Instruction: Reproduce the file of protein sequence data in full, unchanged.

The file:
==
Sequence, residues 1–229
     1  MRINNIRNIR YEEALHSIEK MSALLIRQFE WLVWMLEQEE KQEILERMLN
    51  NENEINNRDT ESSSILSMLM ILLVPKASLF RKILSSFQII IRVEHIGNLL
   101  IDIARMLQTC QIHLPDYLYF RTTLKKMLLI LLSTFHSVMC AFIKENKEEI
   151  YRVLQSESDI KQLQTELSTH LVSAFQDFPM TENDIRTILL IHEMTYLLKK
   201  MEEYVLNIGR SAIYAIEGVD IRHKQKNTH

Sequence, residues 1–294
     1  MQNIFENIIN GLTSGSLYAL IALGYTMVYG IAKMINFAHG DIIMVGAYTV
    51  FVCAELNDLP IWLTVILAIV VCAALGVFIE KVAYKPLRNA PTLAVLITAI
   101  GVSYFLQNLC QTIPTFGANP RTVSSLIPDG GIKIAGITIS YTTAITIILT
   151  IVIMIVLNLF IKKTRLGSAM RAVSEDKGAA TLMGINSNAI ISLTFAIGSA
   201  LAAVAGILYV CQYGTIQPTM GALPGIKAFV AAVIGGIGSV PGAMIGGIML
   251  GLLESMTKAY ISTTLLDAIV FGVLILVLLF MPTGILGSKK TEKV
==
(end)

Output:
Sequence, residues 1–229
     1  MRINNIRNIR YEEALHSIEK MSALLIRQFE WLVWMLEQEE KQEILERMLN
    51  NENEINNRDT ESSSILSMLM ILLVPKASLF RKILSSFQII IRVEHIGNLL
   101  IDIARMLQTC QIHLPDYLYF RTTLKKMLLI LLSTFHSVMC AFIKENKEEI
   151  YRVLQSESDI KQLQTELSTH LVSAFQDFPM TENDIRTILL IHEMTYLLKK
   201  MEEYVLNIGR SAIYAIEGVD IRHKQKNTH

Sequence, residues 1–294
     1  MQNIFENIIN GLTSGSLYAL IALGYTMVYG IAKMINFAHG DIIMVGAYTV
    51  FVCAELNDLP IWLTVILAIV VCAALGVFIE KVAYKPLRNA PTLAVLITAI
   101  GVSYFLQNLC QTIPTFGANP RTVSSLIPDG GIKIAGITIS YTTAITIILT
   151  IVIMIVLNLF IKKTRLGSAM RAVSEDKGAA TLMGINSNAI ISLTFAIGSA
   201  LAAVAGILYV CQYGTIQPTM GALPGIKAFV AAVIGGIGSV PGAMIGGIML
   251  GLLESMTKAY ISTTLLDAIV FGVLILVLLF MPTGILGSKK TEKV